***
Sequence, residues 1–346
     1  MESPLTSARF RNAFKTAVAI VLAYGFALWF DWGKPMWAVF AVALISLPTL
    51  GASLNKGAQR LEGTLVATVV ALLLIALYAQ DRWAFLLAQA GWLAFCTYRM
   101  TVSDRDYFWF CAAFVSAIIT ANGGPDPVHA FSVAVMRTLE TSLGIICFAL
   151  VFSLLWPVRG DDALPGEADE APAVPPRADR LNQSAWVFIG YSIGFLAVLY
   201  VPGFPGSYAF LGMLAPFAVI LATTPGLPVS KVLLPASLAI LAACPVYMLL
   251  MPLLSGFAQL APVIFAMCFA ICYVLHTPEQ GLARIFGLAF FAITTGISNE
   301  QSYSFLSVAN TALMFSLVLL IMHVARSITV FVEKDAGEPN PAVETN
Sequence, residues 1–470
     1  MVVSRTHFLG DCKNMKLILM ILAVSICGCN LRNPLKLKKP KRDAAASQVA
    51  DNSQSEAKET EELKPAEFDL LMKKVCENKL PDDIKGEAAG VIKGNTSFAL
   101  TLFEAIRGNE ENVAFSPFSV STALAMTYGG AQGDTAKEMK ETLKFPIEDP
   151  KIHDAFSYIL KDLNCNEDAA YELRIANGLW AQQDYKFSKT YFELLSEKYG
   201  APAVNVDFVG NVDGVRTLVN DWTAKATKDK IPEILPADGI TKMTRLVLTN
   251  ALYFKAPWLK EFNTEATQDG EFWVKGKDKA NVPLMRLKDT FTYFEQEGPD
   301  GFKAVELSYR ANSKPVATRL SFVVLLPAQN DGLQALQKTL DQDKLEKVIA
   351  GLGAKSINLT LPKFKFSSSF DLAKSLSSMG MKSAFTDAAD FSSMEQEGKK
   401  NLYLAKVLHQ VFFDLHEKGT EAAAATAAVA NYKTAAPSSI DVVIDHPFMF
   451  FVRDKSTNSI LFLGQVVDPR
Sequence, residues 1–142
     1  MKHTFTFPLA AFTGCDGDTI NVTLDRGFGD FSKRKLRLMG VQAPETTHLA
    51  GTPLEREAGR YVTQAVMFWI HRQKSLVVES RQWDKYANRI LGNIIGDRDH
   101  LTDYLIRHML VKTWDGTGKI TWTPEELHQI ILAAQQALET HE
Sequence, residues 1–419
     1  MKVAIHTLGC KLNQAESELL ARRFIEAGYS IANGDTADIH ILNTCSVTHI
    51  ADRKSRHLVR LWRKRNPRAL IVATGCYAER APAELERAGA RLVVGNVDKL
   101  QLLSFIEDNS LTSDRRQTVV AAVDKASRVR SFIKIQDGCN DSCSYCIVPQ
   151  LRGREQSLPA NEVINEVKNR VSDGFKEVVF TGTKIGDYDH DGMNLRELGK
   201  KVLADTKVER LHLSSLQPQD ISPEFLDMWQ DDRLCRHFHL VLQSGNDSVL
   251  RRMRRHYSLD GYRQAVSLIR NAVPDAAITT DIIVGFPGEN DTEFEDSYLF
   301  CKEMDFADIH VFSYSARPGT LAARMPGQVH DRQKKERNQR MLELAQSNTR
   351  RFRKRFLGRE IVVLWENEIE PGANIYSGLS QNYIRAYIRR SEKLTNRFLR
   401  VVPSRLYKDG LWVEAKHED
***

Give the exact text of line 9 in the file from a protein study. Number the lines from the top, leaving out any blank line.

Sequence, residues 1–470